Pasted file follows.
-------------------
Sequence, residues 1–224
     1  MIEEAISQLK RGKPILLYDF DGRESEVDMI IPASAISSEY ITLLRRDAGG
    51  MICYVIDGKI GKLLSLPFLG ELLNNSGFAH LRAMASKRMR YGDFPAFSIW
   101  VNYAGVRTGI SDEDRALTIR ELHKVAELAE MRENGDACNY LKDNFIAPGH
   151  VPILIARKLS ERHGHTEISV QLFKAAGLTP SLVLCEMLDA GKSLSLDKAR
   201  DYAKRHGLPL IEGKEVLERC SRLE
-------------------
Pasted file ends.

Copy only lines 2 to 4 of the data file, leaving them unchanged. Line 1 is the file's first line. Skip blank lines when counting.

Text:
     1  MIEEAISQLK RGKPILLYDF DGRESEVDMI IPASAISSEY ITLLRRDAGG
    51  MICYVIDGKI GKLLSLPFLG ELLNNSGFAH LRAMASKRMR YGDFPAFSIW
   101  VNYAGVRTGI SDEDRALTIR ELHKVAELAE MRENGDACNY LKDNFIAPGH